Inviting Content Creators: There are many content creators with whom I’d like to share Design Day, so this year I decided to extend personal invitations to a few of them. It was really awesome to hang out with Dwayne and Alicia from Black Board Gaming, Roberto from Shear Boardom, Dusty from the Mill (and his son), Ruel Gaviola, and Carlos and Rob from the Beans & Dice podcast, among others.

10 Highest-Rated Games of Design Day 2021

After playtesters tried out the 36 prototypes at Design Day, they wrote down a 1-10 rating on a little card. Design Day isn’t a competition; rather, the ratings are meant to help designers figure out how much work their games need (and perhaps they can offer those designers a boost of confidence or something quantifiable to show to a publisher or their Kickstarter backers).

Here are the 10 highest-rated games of this year’s event:

War of the Woods by Joshua Phillips (8.57)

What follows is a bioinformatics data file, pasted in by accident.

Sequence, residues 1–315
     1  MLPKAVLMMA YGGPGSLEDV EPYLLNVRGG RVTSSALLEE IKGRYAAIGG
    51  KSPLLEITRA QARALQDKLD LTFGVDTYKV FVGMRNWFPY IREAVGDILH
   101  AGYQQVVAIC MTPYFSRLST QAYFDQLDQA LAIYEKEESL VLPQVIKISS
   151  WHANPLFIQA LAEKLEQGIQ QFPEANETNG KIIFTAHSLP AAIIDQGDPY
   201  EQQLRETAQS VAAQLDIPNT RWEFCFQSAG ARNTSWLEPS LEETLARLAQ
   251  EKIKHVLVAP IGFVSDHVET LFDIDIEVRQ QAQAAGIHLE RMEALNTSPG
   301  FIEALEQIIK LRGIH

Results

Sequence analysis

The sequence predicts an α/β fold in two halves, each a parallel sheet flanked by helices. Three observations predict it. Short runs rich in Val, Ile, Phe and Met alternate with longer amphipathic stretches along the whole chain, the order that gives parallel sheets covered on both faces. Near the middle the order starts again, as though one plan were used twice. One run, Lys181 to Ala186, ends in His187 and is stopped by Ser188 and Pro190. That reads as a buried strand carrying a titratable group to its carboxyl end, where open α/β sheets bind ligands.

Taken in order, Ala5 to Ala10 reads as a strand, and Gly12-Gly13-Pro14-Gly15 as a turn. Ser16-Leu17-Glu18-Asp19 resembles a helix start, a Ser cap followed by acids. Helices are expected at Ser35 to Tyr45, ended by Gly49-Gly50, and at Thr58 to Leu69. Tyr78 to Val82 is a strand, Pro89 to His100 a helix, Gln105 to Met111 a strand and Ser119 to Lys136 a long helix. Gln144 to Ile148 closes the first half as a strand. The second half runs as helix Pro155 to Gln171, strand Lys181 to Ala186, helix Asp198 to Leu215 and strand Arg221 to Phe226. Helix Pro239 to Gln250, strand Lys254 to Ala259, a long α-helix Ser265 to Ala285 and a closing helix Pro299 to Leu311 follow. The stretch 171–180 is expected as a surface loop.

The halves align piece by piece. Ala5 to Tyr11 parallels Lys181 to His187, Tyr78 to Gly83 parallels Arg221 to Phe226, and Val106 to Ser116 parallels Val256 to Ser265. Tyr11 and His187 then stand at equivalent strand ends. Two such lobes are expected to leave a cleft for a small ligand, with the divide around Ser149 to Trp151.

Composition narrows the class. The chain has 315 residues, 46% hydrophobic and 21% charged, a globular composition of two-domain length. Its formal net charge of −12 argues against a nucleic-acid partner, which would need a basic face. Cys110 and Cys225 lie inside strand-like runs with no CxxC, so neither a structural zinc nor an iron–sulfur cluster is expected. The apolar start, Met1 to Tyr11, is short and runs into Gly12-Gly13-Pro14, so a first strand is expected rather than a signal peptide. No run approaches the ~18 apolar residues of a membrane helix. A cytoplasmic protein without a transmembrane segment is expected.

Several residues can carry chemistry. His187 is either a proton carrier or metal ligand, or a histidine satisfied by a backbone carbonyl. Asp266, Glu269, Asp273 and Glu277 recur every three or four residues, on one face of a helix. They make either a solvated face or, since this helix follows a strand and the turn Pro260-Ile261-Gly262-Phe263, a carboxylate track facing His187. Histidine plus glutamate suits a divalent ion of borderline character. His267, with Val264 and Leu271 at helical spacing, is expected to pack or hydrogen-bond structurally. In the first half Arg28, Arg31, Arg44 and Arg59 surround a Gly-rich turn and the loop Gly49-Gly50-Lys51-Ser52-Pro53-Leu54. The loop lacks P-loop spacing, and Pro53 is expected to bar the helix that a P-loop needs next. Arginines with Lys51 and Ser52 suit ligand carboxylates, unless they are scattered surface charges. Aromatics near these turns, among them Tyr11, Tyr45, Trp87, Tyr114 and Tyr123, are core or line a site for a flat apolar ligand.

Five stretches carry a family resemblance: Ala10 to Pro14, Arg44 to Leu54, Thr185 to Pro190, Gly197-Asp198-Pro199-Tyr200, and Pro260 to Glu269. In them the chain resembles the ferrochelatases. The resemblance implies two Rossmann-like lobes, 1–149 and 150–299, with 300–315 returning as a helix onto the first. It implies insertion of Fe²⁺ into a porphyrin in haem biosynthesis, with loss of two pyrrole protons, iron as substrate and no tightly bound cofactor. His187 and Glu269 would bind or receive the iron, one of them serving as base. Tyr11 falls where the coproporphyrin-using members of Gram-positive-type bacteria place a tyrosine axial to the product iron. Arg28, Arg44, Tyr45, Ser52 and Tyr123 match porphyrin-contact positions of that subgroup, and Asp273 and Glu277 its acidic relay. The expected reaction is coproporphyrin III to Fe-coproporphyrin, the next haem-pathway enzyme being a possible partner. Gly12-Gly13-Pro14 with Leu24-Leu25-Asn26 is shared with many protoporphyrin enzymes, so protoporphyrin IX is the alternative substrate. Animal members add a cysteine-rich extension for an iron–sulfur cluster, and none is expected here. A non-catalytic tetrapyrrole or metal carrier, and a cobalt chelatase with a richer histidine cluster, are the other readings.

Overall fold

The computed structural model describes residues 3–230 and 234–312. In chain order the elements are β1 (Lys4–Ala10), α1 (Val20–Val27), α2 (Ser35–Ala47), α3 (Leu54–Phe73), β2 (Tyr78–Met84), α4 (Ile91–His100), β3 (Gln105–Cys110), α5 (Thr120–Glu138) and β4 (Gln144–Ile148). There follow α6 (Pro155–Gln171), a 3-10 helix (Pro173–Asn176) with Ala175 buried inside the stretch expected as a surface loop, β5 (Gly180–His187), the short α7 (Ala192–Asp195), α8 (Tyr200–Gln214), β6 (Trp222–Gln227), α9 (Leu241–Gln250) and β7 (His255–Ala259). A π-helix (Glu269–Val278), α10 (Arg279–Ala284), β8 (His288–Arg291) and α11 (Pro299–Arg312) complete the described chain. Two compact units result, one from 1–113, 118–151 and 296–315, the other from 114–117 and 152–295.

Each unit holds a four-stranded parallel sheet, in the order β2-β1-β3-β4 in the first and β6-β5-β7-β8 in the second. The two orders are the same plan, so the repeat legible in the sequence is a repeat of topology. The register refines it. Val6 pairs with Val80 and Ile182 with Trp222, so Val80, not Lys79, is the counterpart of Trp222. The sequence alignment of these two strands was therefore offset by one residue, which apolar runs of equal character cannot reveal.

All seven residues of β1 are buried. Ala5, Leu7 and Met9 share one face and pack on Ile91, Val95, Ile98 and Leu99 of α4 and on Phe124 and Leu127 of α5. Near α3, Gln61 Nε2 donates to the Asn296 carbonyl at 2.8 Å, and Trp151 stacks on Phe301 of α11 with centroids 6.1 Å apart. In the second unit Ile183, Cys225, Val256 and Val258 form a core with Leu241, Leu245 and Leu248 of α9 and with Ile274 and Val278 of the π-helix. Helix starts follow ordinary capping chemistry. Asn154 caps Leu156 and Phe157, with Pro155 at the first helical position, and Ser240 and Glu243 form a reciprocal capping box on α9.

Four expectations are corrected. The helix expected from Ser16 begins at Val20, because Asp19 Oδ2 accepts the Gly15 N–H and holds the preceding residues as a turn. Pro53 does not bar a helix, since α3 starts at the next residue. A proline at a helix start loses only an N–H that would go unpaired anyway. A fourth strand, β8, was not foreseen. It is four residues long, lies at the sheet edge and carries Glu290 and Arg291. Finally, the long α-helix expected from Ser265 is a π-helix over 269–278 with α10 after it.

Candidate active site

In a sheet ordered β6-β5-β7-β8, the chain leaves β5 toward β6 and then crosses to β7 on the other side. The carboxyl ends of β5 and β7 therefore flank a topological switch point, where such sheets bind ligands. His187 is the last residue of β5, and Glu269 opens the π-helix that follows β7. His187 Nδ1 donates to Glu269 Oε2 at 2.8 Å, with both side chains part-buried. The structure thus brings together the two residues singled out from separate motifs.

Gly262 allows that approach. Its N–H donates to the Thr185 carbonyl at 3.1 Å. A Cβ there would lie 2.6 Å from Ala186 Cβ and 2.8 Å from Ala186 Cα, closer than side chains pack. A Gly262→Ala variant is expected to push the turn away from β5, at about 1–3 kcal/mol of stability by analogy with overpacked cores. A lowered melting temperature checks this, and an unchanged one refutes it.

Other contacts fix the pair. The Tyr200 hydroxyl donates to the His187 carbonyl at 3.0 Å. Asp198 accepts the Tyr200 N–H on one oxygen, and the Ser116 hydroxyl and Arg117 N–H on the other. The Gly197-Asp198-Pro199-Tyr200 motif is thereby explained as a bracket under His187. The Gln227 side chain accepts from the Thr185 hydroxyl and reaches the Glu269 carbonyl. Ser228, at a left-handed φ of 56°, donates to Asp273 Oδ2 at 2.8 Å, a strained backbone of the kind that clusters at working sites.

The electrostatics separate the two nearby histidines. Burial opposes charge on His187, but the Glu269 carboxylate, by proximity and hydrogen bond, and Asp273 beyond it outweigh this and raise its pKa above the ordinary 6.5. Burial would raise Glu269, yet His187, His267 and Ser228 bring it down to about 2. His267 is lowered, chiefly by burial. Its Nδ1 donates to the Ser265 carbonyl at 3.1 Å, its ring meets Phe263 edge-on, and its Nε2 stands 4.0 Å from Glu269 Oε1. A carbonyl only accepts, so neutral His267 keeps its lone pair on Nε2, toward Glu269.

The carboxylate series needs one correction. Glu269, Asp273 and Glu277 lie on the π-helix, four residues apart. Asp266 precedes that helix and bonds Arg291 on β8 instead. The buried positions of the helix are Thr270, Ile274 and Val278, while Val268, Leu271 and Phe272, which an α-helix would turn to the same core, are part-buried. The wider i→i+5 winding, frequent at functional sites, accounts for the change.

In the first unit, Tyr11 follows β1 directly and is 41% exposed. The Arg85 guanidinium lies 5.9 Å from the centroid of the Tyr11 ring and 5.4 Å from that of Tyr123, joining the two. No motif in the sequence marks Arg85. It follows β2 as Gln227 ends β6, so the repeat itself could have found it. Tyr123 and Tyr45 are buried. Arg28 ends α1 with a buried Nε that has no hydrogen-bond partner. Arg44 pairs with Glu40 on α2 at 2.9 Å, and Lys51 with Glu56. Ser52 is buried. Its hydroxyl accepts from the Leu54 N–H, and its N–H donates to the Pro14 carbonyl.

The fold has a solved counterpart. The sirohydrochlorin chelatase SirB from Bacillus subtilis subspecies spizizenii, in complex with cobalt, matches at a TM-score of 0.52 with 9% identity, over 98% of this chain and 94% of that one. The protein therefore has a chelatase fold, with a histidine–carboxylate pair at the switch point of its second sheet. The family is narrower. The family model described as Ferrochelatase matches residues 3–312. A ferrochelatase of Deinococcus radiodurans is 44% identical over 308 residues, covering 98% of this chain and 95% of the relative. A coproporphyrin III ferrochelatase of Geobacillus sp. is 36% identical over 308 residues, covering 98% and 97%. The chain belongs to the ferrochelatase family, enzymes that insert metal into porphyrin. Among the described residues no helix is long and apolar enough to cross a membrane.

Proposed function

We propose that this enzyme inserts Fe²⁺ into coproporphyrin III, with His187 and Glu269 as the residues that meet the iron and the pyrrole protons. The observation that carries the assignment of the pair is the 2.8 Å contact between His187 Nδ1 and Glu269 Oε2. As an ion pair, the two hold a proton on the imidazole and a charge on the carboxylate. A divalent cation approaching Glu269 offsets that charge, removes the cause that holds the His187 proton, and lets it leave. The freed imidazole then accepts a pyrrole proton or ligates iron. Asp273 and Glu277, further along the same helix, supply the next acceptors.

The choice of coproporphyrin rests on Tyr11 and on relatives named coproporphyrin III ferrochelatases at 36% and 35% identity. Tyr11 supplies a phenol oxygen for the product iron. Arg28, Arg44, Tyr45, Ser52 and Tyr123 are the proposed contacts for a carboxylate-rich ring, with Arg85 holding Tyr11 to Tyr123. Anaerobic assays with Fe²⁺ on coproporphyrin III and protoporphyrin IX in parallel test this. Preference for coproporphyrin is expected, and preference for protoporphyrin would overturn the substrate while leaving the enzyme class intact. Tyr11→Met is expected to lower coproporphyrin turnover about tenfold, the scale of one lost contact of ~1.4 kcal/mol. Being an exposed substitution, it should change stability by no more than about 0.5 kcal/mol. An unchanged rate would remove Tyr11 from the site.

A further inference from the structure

Sansui by Roland Henderson (8.33)
Elements of Avalon by Tyson Gajewski (8.29)
Apiary by Connie Vogelmann (8.25)
Fromage by Ben Rosset and Matthew O’Malley (7.86)
Civ Dice by Ira Fay (7.42)
Capital Campaign by James Peters (7.40)
Pha-Roll by Ben Ennes (7.33)
Teamsters of Tortured Space by Scott Scribner (7.17)
Overflow by Jacob Gentrup (7.14)

Next Year

The one thing I’m left wondering about is if we should showcase something special at Design Day, some secret sneak peek at what’s coming next for Stonemaier Games. As I mentioned above, Design Day is about the attendees, not Stonemaier, but people travel from near and far to attend, and I wonder if something like that would enhance their experience. I’ll think about it for next year.

Have you found value in running or attending events related to your industry? If you want to attend Design Day next year, we’ll likely announce any available slots in our April e-newsletter.